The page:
How Are Easements Created? Part Two.


Simon Offord

by Simon Offord on November 13, 2012

in Easements, Real Estate Law

Before discussing how to create an easement, we must understand what an easement is. An easement is a non-possessory interest for the use of real property belonging to another for some specific stated purpose. Put simply, an easement is a certain right to use the real property of another without actually owning the property.

Historically, easements were only allowed for right-of-way, support, light and air, and rights pertaining to artificial waterways. As the law has evolved, courts have begun to recognize easements for a much broader range of uses, including but not limited to utility lines and scenic views. This article is the second article in a series discussing the more common ways to create an easement in California.

Easement by Prescription

An easement by prescription is created when someone who is not the owner of record may acquire a right to use the land based on the time and nature of his or her use. This typically happens between neighbors of adjoining parcels.

In order to have an easement by prescription, it must be shown that:

(1) the land was used continually for a period of five years,
(2) possessed in a manner that was open, notorious and clearly visible to the owner of the burdened land,
(3) hostile and adverse to the true owner, and
(4) under a claim of right.

A prescriptive easement only entitles the encroacher a right to continue to use the land for some limited purpose, namely the historical use. However, California courts have determined that there is no such thing as an “exclusive” prescriptive easement. Therefore, one may not obtain an easement by prescription that prevents the rightful owner of the land from using and enjoying their own property. For example, fencing would be an attempt to exclude the true owner. Thus, even when a party may have the right to use an easement, they may not have a right to fence it off.

As with an easement by necessity, this type of easement is not automatically created, and thus will require litigation and a court order.

Equitable Easement

When the user cannot assert grounds for an easement by way of prescription or necessity, or has an express easement, the court may exercise its equitable jurisdiction to issue a permanent injunction against interference with future use when:

(1) a party has used and improved an easement for a long period of time with an innocent belief that they have the right to use the land,
(2) there would be irreparable harm if they could not continue to use the easement, and
(3) the affected property owner would suffer little harm from the continued use.

Obtaining such an easement will require litigation and convincing proof satisfying each of the above elements.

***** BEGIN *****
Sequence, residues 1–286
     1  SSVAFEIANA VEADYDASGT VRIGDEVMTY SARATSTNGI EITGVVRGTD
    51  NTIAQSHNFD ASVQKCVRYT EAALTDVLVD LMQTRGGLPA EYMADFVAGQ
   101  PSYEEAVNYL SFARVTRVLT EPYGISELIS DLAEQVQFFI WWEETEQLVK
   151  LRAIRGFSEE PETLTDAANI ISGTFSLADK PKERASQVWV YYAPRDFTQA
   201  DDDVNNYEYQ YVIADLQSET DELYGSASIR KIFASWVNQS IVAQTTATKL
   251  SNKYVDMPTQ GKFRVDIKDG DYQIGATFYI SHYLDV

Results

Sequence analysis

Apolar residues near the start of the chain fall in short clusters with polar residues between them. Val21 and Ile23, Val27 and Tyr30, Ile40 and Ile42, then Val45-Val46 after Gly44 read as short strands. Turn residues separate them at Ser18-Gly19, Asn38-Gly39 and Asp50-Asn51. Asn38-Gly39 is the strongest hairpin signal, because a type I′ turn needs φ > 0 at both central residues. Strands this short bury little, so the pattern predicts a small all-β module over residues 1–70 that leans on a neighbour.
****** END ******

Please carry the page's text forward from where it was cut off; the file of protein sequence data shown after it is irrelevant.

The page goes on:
Assessing Your Rights

Analyzing whether you may have a right to an easement over your neighbor’s land, or your property may be burdened by any of the above types of easements is a very fact specific determination. Additionally, the legal landscape has shifted frequently with regard to prescriptive easements so having a real estate attorney assist you in making this determination is recommended.

The above descriptions provide the basic considerations for the creation of certain types of easements, and whether or not an easement does in fact exist will hinge on additional factors specific to your particular situation. There are other ways that easements may be created in other ways, including by implication, that have not been discussed in this article.

If you think you may need legal representation regarding such matters, don’t hesitate to contact our firm at www.BrewerFirm.com or call us at (650) 327 – 2900.

 

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{ 1 comment… read it below or add one }

avatar Michael Bruss December 4, 2012 at 2:46 am

Hi,

Have found the newsletters very informative and especially the recent articles on easements. My wife and I have country property near Davis. On one side of our property is a dirt road. This road is used by us and the general public, primarily recreational pedestrian traffic, but also horseback riders and the occasional vehicle. There are no utilities along the road and no one needs to use the road as sole access to their property.

We really don’t mind the current rate of traffic, which is low, but we would not want it to increase, and someday we might want to fence the area for livestock.
By letting people use the road now are we creating an easement which might prevent us from limiting access in the future?

Mike

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